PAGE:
Some are lucky to have good insurance coverage, and after 5 or 6 IUI attempts, their frustration and desperation pushes them to do something more aggressive. I know I moved onto my first IVF with 2 feelings. One was complete despair and frustration and therefore the feeling of “Bring on the big ones!”. The second was complete belief that IVF would work. I mean – that’s the mother of all treatments in infertility isn’t it?

Then there’s the group that ends up repeating IVF attempts again and again.

Then there’s the group, which conceives, but does not get to the happy ending of bringing baby home. Pregnancy losses takes you right back to the start line. You start all over again. I am unfortunately part of this group.

Some will achieve success and get to realize their dreams of having a baby, and life moves on. Some may not be so lucky.

My question is simple – Can these situations be compartmentalized into “degrees of infertility”?

To me, the answer is not as simple. While it would be easy to say yes – the first few groups are in the “easier stages of infertility” and the latter groups have a “rawer” deal in the whole thing, at the same time, these conclusions are drawn in retrospect. What happens WHILE the first few groups are still trying? Going into a treatment cycle, nobody knows if their first round of clomid will work, or if they will need to spend the next 5 years of their lives spread-eagled with their feet up in stirrups in a doctor’s office.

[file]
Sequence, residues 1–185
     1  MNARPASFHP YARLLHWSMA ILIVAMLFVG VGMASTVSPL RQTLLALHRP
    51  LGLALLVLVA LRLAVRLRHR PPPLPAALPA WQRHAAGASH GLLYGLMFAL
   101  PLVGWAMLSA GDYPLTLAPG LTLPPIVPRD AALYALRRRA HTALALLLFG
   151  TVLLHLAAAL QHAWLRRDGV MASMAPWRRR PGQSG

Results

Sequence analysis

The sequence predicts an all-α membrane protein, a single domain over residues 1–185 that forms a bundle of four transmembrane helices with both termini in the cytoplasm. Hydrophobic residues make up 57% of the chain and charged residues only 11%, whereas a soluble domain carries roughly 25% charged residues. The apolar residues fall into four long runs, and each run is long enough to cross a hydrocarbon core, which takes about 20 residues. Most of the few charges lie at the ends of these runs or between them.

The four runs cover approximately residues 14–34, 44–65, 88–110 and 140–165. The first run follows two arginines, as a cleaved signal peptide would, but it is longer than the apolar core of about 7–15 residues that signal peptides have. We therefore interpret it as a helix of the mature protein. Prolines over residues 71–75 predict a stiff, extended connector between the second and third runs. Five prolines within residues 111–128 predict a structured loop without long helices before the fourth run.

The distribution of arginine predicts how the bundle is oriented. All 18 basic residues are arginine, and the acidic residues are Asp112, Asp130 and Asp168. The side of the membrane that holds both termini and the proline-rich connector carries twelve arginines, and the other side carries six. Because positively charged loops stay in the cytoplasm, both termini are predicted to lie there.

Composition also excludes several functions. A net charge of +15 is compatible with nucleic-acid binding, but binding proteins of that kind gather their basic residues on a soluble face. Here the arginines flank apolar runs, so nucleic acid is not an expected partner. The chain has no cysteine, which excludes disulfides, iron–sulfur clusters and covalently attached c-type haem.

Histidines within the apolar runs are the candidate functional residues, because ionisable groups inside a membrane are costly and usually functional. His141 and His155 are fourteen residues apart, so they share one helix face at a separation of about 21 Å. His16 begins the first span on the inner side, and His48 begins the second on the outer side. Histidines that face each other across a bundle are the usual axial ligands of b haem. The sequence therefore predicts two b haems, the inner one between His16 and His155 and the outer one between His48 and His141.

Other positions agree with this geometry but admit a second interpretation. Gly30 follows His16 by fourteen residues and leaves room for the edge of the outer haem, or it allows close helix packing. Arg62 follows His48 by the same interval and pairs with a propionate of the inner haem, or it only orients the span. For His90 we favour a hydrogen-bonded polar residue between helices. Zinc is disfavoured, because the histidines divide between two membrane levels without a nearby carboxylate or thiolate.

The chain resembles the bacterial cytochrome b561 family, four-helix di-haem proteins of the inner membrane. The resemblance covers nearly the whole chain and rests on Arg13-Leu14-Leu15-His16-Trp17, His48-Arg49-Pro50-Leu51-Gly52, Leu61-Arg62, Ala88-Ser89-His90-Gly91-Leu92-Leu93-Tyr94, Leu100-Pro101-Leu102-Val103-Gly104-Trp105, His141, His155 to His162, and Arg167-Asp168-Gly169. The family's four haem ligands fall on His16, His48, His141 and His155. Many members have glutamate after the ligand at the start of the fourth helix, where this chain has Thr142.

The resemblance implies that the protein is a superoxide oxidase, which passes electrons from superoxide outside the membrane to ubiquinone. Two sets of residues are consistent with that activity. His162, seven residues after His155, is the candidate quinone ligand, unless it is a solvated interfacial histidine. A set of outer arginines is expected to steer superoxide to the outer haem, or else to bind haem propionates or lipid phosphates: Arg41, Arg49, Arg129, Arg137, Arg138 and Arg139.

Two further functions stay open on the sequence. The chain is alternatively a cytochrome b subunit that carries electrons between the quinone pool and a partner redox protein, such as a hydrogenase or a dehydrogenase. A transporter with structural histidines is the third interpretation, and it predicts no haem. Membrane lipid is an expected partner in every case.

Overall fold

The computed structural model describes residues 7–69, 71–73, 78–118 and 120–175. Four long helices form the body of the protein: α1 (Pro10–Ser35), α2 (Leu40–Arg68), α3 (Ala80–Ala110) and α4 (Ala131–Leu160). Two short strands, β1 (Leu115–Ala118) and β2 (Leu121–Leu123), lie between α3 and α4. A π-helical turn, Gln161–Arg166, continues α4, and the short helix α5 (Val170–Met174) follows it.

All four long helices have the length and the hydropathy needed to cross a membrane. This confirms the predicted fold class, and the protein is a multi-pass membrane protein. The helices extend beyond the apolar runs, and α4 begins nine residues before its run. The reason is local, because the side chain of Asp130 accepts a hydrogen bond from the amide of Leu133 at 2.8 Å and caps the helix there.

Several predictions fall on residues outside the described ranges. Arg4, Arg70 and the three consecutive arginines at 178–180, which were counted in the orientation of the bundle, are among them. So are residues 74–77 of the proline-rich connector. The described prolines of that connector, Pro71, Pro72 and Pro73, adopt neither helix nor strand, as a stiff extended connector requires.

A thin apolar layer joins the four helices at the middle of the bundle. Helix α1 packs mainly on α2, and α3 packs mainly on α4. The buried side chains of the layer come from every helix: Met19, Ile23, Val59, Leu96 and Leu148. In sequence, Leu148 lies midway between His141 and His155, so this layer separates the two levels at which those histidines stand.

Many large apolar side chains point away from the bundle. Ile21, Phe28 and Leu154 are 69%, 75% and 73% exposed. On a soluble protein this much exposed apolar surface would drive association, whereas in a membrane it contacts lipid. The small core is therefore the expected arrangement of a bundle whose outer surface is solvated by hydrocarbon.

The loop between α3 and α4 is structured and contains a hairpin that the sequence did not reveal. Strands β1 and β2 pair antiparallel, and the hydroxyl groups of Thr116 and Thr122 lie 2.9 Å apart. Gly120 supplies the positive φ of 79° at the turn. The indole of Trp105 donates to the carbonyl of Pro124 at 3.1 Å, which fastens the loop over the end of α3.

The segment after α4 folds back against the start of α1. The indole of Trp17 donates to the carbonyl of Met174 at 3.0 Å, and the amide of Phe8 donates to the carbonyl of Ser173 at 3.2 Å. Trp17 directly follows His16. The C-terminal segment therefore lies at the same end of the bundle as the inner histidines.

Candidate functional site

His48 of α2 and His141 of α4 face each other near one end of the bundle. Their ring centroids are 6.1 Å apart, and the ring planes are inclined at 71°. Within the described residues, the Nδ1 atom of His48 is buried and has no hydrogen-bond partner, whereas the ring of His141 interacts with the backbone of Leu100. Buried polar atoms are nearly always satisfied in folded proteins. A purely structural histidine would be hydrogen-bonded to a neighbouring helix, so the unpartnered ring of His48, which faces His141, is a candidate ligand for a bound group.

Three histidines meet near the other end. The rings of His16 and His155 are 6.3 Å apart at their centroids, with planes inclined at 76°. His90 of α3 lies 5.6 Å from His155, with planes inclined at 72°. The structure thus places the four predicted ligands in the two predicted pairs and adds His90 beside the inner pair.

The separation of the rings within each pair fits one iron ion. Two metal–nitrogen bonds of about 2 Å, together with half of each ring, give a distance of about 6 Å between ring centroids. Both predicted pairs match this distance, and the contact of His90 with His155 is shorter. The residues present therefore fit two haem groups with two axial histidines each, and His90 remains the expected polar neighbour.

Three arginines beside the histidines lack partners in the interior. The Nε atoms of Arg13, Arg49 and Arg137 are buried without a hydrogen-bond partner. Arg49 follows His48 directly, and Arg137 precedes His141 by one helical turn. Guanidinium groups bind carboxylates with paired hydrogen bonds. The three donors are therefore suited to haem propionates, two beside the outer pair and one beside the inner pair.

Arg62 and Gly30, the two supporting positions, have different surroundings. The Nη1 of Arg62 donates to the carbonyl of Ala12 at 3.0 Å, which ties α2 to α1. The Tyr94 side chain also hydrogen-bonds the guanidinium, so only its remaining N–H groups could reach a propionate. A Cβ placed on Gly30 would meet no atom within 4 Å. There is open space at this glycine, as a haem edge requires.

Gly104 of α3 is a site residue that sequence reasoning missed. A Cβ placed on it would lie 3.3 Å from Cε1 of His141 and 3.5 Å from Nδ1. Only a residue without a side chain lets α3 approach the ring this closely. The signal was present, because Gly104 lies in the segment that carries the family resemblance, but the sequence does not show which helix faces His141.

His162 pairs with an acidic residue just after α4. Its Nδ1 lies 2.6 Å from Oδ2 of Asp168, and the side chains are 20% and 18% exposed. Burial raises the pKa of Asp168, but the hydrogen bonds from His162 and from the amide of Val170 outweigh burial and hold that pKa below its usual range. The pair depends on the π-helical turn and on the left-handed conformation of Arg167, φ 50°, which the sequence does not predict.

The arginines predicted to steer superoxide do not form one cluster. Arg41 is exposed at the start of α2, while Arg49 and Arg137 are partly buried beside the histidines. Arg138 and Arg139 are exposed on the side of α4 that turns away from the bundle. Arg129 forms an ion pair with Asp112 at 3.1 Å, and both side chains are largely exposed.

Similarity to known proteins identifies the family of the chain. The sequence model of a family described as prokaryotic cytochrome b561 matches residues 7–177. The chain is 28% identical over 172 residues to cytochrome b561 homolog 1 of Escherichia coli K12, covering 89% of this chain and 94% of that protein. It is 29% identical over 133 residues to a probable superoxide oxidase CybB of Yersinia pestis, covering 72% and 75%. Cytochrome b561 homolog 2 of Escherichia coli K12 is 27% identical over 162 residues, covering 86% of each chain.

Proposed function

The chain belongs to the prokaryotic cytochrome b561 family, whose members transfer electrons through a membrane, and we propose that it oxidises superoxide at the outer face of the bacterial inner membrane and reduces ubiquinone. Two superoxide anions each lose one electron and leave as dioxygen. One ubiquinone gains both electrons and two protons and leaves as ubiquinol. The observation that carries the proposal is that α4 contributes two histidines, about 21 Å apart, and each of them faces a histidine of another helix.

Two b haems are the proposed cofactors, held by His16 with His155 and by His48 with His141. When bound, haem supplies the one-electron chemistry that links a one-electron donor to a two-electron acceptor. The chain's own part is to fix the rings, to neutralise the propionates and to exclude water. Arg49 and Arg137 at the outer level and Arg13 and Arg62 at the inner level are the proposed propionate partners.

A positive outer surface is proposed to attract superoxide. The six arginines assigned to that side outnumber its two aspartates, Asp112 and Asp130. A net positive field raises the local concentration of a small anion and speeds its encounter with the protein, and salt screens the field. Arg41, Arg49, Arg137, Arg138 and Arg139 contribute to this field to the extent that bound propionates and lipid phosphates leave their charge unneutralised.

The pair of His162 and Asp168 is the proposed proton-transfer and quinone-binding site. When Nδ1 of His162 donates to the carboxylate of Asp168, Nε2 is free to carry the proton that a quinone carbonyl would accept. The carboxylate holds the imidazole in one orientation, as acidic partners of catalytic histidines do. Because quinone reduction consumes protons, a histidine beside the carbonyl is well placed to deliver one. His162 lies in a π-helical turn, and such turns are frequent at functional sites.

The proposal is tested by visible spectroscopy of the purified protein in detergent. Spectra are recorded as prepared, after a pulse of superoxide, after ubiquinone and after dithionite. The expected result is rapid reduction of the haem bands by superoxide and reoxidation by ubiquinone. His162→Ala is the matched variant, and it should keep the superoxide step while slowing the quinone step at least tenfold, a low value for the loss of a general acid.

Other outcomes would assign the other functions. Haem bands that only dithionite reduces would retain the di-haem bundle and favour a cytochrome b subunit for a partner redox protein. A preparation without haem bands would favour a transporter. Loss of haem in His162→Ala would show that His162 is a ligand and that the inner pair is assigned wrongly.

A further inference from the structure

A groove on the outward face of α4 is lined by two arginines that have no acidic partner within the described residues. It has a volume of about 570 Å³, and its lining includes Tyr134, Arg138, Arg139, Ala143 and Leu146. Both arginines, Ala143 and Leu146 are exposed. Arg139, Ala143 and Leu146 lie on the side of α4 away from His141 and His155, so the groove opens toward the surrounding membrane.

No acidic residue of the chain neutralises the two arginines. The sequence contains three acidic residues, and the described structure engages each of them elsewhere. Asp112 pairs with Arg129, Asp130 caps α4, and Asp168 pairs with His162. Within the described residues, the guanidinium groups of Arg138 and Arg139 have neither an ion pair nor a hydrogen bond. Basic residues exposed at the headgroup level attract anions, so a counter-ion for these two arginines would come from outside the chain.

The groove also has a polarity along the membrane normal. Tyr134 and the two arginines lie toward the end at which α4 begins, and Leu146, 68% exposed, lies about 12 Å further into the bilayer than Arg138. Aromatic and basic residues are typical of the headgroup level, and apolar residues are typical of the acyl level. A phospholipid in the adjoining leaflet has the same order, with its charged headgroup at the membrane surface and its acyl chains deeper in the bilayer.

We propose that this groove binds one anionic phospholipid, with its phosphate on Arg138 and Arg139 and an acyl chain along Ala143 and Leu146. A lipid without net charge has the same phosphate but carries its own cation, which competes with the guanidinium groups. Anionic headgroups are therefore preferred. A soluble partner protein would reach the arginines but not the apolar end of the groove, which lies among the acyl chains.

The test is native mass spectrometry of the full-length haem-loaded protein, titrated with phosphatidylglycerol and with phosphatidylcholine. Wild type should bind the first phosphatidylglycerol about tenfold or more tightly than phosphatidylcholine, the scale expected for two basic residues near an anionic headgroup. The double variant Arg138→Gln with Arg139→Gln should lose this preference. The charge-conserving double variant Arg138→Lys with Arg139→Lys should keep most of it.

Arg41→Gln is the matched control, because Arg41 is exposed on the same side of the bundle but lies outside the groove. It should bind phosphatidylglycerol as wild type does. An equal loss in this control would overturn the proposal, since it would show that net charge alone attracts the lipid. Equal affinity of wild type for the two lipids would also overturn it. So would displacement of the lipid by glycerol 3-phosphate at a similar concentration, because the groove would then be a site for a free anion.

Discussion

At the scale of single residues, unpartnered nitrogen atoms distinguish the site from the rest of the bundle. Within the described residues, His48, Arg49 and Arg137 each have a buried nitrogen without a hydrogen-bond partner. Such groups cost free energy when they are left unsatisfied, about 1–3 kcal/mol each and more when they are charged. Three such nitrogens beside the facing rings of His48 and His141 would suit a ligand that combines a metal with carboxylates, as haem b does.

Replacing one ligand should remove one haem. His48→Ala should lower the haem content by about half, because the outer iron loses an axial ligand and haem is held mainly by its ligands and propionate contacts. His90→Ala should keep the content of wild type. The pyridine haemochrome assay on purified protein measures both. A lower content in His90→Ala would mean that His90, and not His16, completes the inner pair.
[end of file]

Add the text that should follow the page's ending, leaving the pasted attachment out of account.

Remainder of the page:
Infertility is one part diagnosis and treatment, and one part analysis and stress. The part of analysis and stress gets worse with time. But I think the acceptance and ease with which we are able to stick injections into our tummies becomes easier with time.

With each cycle there is hope. But with hope there is deep dark despair too. The stress that a person in each of the groups mentioned above is going through COULD be similar. Then there is the personal threshold too. I could be the types who panics at not getting pregnant after 3 months of “trying”, or I could be the types who is more calm and does not let the stress get to me so easily.

Repeated failures manifest themselves in so many ways. Stress in relationships, stress in social interactions, loss of confidence, the feeling of being let down by your body, the feeling of failing, feeling isolated and “on the outside”.

When is the point when you move from the hope / despair cycle to bitterness? Is that when you really have it bad?

Again, please, I am NOT trying to make any judgments here, I’m not saying one group has it easier than the other. It may appear so – but I feel the answer is very subjective. The pain, the loss and the despair are pretty unifying.